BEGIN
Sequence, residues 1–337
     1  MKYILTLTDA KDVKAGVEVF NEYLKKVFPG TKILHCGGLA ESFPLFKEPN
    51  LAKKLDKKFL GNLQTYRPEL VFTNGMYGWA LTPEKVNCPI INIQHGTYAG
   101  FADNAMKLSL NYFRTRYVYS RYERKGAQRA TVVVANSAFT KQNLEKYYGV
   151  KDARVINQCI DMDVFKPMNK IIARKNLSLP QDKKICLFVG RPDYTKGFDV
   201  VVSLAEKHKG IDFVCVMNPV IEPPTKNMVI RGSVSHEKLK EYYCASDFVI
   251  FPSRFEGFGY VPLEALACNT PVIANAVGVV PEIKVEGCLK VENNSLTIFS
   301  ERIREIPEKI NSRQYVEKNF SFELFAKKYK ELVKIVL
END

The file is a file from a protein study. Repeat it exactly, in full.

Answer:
Sequence, residues 1–337
     1  MKYILTLTDA KDVKAGVEVF NEYLKKVFPG TKILHCGGLA ESFPLFKEPN
    51  LAKKLDKKFL GNLQTYRPEL VFTNGMYGWA LTPEKVNCPI INIQHGTYAG
   101  FADNAMKLSL NYFRTRYVYS RYERKGAQRA TVVVANSAFT KQNLEKYYGV
   151  KDARVINQCI DMDVFKPMNK IIARKNLSLP QDKKICLFVG RPDYTKGFDV
   201  VVSLAEKHKG IDFVCVMNPV IEPPTKNMVI RGSVSHEKLK EYYCASDFVI
   251  FPSRFEGFGY VPLEALACNT PVIANAVGVV PEIKVEGCLK VENNSLTIFS
   301  ERIREIPEKI NSRQYVEKNF SFELFAKKYK ELVKIVL